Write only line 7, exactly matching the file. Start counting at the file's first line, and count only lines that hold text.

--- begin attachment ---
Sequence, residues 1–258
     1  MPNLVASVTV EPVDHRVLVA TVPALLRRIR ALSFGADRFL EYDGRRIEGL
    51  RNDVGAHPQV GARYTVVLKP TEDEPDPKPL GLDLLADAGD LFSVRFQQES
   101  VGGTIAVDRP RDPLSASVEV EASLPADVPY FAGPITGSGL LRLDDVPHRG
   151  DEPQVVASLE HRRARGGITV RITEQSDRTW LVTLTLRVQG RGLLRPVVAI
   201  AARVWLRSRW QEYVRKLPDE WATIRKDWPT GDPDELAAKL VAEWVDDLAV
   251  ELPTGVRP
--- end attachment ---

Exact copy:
   251  ELPTGVRP